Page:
76 Shawn Bradley. Wore it because he was 7-foot-6. That he also played for the 76ers was probably the most interesting this about this incredibly pedestrian player. Manute Bol, who was also 7-foot-6, wore 10 and 11.

77 Gheorghe Muresan. Wore it with the Bullets and Nets because he was 7-foot-7, making him the tallest player in NBA history.

78 Never worn. Probably won't be, until some freak comes in at 7-foot-8, and then would only wear it if his team's owner had a sense of humor.

79 Never worn

80 Never worn

81 Never worn

82 Never worn

83 Craig Smith. Wore it with the '12 Trail Blazers.

84 Chris Webber. Wore it with the '07 Pistons, after usually wearing 4.

85 Baron Davis. Wore it with the '11 Cavaliers and the '12 Knicks. Usually wore 1.

86 Chris Johnson. Wore it with the '11 Celtics. Has usually worn 20.

87 Never worn

88 Antoine Walker. Wore it in his '05 return to the Celtics, after usually wearing 8.

89 Clyde Lovellette. Wore it with the '54 Minneapolis Lakers. Usually wore 4 or 34.

90 Drew Gooden. Now with the Wizards, and in his 11th season as the only player ever to wear the number,

91 Ron Artest/Metta World Peace. Wore it with the '05 Pacers. Rodman was better while wearing it, but he's also the only player ever to wear another number in an NBA game.

92 DeShawn Stevenson. Wore it with the 2011 NBA Champion Mavericks.

93 P.J. Brown. Wore it with the 2008 NBA Champion Celtics. Metta World Peace was better while wearing it, but he's also the best at another number.

94 Evan Fournier. Wore it with the '13 and '14 Nuggets.

95 Never worn

96 Don Ray. Wore it with the 1950 Tri-Cities Blackhawks, the team that became the Milwaukee Hawks in 1951, the St. Louis Hawks in 1955, and the Atlanta Hawks in 1958. Metta World Peace was better while wearing it, but he's also the best at another number.

97 Never worn

98 Jason Collins. The NBA's 1st openly gay player wore it with the '13 Celtics and Wizards and the '14 Nets, in memory of Matthew Shepard, murdered for being gay in 1998. Also worn by a '47 Falcon, Chet Abuchon.

99 George Mikan

No NBA player has ever worn a triple-digit number.

Best Football Players By Uniform Number

Part 2 of a series. Remember, this is only about professional numbers, not what they wore in college. Some players wore very different numbers when going from college to the pros. Also, some wore more than one number in the pros.

The NFL is the only league -- at least, the only one since soccer stopped forcing players to wear a number assigned to their position in the early 1990s -- to assign numbers to positions. Why? As this article explains, it's because the officials need to know who is an eligible receiver, and who is not. (Except college and even high school officials don't seem to have that problem; you would think pro officials would be even better.)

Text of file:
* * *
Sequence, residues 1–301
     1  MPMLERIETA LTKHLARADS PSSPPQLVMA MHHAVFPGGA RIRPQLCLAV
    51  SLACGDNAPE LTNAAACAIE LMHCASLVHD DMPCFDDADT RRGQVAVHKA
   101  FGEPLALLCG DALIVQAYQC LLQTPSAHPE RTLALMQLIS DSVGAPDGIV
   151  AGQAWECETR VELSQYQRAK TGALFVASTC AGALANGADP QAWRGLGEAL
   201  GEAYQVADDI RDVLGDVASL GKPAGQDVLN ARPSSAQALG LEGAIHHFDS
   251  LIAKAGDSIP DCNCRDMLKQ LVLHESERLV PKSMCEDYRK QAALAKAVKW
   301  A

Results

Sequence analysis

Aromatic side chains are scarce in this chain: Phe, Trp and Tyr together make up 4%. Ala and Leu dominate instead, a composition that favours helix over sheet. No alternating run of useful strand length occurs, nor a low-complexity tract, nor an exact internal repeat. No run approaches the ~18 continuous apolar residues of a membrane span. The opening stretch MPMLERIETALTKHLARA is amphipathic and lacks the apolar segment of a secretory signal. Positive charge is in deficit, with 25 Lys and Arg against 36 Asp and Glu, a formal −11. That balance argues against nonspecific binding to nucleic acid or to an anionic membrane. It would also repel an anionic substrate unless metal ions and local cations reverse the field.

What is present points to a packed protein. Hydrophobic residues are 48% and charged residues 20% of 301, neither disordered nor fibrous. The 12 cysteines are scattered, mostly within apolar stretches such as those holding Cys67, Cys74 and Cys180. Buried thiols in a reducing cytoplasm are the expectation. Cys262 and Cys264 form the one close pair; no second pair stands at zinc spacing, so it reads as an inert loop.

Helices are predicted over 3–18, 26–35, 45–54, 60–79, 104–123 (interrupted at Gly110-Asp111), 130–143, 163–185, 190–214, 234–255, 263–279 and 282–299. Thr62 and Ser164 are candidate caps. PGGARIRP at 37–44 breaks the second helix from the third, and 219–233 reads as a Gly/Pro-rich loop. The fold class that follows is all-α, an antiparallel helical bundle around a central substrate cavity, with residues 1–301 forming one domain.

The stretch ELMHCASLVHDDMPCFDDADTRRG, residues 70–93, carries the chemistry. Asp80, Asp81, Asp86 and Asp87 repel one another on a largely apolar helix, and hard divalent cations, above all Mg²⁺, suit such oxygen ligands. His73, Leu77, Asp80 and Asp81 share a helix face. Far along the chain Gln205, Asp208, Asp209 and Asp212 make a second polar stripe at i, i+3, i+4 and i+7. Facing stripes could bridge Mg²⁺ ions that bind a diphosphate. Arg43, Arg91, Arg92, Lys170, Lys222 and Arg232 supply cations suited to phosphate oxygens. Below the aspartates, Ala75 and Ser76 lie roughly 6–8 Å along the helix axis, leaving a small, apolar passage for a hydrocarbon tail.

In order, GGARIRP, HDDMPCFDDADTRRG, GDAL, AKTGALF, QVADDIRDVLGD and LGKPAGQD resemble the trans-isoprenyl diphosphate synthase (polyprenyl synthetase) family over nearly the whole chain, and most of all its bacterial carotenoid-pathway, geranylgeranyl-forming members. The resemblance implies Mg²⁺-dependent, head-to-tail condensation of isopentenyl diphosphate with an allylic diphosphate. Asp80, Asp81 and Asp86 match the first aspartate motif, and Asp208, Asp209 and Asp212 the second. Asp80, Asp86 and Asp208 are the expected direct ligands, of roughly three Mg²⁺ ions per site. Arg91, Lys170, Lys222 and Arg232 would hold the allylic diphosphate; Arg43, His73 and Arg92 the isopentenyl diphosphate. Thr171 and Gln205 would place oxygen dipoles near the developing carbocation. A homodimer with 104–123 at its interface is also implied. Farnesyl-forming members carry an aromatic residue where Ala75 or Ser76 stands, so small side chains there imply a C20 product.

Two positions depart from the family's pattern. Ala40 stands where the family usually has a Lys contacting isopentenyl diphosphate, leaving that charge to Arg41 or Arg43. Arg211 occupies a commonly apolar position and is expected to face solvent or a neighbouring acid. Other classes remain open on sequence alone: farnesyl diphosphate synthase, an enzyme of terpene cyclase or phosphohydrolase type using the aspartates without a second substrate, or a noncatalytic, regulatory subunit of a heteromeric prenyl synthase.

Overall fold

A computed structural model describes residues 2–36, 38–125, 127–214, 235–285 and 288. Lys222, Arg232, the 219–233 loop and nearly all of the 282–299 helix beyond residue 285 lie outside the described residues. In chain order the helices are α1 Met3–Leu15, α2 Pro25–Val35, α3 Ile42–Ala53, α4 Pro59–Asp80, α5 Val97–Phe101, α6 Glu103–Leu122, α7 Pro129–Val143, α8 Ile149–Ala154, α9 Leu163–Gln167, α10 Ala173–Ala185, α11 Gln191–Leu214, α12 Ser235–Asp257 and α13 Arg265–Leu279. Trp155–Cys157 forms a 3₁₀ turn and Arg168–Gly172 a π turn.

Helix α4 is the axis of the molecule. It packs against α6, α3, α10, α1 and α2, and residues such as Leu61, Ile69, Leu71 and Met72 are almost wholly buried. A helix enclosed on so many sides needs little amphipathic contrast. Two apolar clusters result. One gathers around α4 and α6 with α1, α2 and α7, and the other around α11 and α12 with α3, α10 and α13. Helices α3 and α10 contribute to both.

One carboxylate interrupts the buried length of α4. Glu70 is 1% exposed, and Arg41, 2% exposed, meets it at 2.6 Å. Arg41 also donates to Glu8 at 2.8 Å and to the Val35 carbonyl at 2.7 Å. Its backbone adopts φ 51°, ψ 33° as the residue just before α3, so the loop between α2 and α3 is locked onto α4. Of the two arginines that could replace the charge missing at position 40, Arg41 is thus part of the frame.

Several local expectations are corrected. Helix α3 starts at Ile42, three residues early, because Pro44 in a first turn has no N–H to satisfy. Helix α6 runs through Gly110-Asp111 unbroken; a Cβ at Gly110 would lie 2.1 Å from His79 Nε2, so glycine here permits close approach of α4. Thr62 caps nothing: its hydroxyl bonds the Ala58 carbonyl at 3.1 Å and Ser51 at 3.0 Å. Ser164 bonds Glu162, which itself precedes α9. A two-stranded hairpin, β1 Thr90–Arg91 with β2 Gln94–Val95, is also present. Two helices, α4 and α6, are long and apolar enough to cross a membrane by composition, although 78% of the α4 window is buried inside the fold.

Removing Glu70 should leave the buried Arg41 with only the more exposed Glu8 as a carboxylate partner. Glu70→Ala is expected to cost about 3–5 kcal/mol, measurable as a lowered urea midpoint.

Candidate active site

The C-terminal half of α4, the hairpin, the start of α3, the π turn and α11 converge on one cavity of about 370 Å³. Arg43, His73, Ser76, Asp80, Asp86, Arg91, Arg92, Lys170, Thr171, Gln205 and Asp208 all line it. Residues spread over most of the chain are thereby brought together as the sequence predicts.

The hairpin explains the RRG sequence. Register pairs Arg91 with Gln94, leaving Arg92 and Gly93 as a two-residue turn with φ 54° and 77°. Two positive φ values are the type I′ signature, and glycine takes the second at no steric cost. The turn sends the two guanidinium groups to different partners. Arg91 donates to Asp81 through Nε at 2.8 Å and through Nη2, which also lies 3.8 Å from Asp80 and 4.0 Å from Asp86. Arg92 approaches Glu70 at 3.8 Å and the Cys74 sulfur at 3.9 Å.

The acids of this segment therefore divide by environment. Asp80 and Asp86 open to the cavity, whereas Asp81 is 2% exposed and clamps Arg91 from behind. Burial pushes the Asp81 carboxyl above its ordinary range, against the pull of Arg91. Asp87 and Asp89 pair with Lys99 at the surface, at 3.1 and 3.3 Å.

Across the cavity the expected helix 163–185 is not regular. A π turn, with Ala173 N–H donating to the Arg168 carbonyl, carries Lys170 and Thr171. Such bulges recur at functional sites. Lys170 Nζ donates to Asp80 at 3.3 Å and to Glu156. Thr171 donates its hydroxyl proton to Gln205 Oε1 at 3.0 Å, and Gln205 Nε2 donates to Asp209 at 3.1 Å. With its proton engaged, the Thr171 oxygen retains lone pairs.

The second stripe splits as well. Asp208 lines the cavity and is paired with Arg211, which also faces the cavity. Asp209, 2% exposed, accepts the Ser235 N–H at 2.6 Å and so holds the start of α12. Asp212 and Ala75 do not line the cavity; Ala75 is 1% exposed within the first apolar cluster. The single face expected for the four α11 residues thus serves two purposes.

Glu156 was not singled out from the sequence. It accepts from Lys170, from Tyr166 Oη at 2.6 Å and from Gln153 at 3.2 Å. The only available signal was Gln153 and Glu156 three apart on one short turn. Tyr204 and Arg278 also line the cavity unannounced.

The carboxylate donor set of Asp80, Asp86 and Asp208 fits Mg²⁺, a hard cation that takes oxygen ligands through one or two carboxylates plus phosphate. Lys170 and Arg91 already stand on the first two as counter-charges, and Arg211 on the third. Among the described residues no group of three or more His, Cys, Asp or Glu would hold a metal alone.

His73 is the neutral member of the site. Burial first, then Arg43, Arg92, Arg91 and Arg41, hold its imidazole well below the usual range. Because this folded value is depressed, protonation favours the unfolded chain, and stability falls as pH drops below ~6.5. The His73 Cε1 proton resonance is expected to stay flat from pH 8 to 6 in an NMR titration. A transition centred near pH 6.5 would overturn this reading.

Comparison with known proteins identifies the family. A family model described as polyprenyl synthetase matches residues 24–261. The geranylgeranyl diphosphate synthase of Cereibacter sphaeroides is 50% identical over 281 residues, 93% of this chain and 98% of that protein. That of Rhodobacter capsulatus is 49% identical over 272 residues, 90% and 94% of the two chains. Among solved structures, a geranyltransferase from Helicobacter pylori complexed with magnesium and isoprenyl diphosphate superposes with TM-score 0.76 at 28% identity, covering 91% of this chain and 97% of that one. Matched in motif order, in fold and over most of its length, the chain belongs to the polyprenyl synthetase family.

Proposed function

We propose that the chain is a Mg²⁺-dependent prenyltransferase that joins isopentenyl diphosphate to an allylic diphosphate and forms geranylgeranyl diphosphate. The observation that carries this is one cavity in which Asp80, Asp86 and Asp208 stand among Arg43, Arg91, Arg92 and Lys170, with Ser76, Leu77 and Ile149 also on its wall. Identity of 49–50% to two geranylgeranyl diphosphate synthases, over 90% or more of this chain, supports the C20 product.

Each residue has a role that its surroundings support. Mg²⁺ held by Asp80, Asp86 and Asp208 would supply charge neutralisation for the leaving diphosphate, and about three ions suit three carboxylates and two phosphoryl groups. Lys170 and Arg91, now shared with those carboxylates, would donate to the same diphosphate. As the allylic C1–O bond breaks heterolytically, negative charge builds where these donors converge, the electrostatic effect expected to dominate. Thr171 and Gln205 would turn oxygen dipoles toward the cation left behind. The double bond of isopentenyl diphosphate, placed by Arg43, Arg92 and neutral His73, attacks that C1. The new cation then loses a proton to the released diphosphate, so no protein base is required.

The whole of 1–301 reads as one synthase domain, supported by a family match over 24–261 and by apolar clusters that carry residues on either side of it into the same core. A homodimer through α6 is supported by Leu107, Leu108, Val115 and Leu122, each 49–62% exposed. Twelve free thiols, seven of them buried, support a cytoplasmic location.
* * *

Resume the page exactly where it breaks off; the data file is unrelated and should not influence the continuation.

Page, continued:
Players who had worn numbers not fitting that rule before it was put in place in 1973 were "grandfathered in," but that numerical scheme has remained in place, unaltered, with one exception: In 2004, it was decided that receivers could wear 10 through 19 as well as 80 through 89.

00 Jim Otto. It was a play on his name, which is pronounced AUGHT-oh, or zero-zero. Ken Burrough is the only other player to wear 00 in the NFL. Writer George Plimpton famously wore 0 in training camp, and even in an exhibition game, with the 1963 Lions (as told in his book Paper Lion, and in the film based on it, starring a pre-M*A*S*H Alan Alda), but, as far as I can tell, no player has ever worn 0 in a regular-season game. And, unless the rules change, no player will ever again wear zero or double-zero.

1 Frederick Douglass "Fritz" Pollard. As you might guess from his full name, he was black, and was the 1st great black player in the NFL, before the color barrier fell in 1933. He was a back on both sides of the ball, and was player-coach of the 1st NFL Champions, the 1920 Akron Pros -- making him the 1st black head coach in North American major league sports, 46 years before Bill Russell, and 69 years before Art Shell was the next black head coach in the NFL. He gets this number, ahead of Warren Moon. Jim Thorpe also wore Number 1, and 2, and 31, but didn't wear any long enough to be considered the greatest at that number. Honestly, as great as he was -- clearly the greatest football and track performer of the 1910s, also a very good baseball player, and perhaps still the greatest all-around athlete this nation has ever produced -- by the time the NFL was founded in 1920, he was past his prime

2 Charley Trippi

3 Bronislau "Bronko" Nagurski

4 Brett Favre. Ahead of Twenties Cardinal great Ernie Nevers.

5 Paul Hornung. He's the greatest player who ever lived. Just ask him. Okay, he wasn't, but he was a college quarterback and a pro running back and kicker, for decades holding the NFL's single-season points-scoring record. He was one of the mainstays of the 1960s Packer dynasty. I love Donovan McNabb, but Hornung never threw up during an NFL Championship Game. (Yes, Bill Russell threw up before many an NBA game, but he won 11 more titles than McNabb. Hornung won 4 more.)

6 Benny Friedman. The Giants quarterback of the late Twenties and early Thirties didn't quite invent the position of quarterback as we understand it today -- that would be Number 33 below -- but he was the NFL's 1st great passer.